Digest of Today's Posts (6 October 2010)

  • Radical Feminists to Stay-at-Home Moms: "Get a Job!"

  • Comeuppance for "Conservative" Critics of Conservatism (Who STILL Won't Admit That They Were Wrong)
  • Labels:

    Radical Feminists to Stay-at-Home Moms: "Get a Job!"

    Matt Archbold has the scoop at National Catholic Register:
    ... The New York Times asked Gloria Feldt, the former head of Planned Parenthood, about how women who “flee the work force” impact those who do not.
    They make it harder for the rest of us to remedy the inequities that remain. We have to make young women aware of how their choices affect other women. It should be acceptable criticism to point out that, although everyone has the right to make their own life decisions, choosing to “opt out” reinforces stereotypes about women’s priorities that we’ve been working for decades to shatter, so just cut it out. And, the “individual choice” women have to become stay-at-home moms becomes precarious when they try to return to the workplace and find their earning power and options reduced. If we could see child-rearing as a necessary task and not an identity, and if we could collectively recognize that facilitating it benefits us all, we would go much further in guaranteeing women’s choices than we do when we are expected to uncritically celebrate every individual’s decisions.
    So let’s get this straight, the former head of Planned Parenthood is telling women to STOP being so selfish and think of someone other than themselves and their kids? Seriously?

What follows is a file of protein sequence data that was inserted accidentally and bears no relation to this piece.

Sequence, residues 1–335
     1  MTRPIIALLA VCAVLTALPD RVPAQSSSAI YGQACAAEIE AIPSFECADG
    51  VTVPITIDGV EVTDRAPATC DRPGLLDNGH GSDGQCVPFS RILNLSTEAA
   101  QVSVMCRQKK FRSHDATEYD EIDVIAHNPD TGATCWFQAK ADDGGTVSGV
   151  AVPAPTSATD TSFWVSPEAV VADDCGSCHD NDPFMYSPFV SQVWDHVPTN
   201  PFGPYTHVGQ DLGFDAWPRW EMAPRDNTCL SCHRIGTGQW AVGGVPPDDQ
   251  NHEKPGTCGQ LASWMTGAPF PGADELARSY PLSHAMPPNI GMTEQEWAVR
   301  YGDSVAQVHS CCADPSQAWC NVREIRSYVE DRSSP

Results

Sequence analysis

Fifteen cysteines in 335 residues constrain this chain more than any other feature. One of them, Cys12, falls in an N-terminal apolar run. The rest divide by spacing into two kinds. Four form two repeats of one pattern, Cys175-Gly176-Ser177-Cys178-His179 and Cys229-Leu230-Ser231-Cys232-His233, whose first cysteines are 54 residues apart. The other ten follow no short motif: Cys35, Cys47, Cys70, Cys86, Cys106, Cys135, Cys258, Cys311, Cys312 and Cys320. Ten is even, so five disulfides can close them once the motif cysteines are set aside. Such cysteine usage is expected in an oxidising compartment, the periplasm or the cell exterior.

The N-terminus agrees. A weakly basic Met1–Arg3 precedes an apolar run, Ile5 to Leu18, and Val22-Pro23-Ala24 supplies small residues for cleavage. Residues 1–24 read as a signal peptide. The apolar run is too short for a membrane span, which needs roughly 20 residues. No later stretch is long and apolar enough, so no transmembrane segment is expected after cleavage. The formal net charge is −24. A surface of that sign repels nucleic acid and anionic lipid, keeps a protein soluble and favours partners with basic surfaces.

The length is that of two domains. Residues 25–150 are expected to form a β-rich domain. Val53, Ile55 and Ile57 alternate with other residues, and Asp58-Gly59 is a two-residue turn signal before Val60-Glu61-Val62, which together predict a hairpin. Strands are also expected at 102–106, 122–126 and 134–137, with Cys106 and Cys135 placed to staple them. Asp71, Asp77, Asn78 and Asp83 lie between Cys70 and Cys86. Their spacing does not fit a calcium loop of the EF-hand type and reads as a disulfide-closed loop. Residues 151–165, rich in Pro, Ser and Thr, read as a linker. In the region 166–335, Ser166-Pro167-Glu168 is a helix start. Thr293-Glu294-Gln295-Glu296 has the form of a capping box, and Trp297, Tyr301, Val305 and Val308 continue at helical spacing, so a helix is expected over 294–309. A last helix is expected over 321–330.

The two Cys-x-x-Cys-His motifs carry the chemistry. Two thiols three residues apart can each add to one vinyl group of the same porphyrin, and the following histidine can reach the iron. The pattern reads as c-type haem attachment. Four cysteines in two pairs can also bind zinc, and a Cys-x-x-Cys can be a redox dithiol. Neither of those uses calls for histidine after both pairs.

In short, she wants you to think of Gloria Feldt’s feelings rather than your kids.

    If you thought feminism was all about giving women choices, well it turns out you were wrong. Feminism is about doing what Gloria Feldt wants you to do...

    (Hat tip: Creative Minority Report)

    Previous Pro Ecclesia posts on this subject:
    Rachel Campos Duffy: A Real Housewife of Wisconsin

    Feminist Manifesto Excoriates Stay-at-Home Moms for Not Going to Work

    Dutch Feminazis Want to Punish Educated Mothers

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    Comeuppance for "Conservative" Critics of Conservatism (Who STILL Won't Admit That They Were Wrong)

    At Slate, erstwhile Journolister David Weigel interviews some of the more outspoken “conservative” critics of conservatism (or, as I once referred to them, “professional self-policers” who are the “conservative media equivalent of tattle-tales”):
    ... "In the fall of 2010, nobody needs Comeback and nobody needs Grand New Party," says Frum.

    Rush and his listeners couldn't have planned it better. They argued then, and argue now, that people like Frum, Salam, Douthat, Sam Tanenhaus, and others care more about the fabled "Georgetown cocktail circuit" than they care about conservative principles. And they may have a point that a conservative apostate gets more media attention, and more Diet Coke in the green rooms, than a standard-issue true believer.

    But that's not why the Frums of the world wrung their hands and wrote their manifestos. Yes, they were written with the assumption that the GOP was going to serve more time in detention—and that detention was actually necessary. If the GOP came roaring back by going further to the right, their theory went, that would prove that they didn't understand why they governed so poorly in the first place. They would think that all they needed to do was bang on about tax cuts and the Constitution, and that would not only win the election but make them govern more intelligently.

    Of course, to the horror of the smart set, this is exactly what is happening. The conservative base looked at any attempt to answer the Democrats on policy as a cave-in to socialism. When they're making the case for their research, Douthat and Salam acknowledge that reality. But they argue that Republicans have been using their key insights anyway and that the hot rhetoric of the GOP obscures what actually happened.

    "I think the way a lot of Republicans are campaigning now—as resolute foes of big government who are also going to save Medicare from the Democrats—suggests that they understand the point of Grand New Party pretty well," says Douthat. They're just taking our insight, that even many conservative voters like the welfare state, and running with it in a cynical rather than a constructive direction."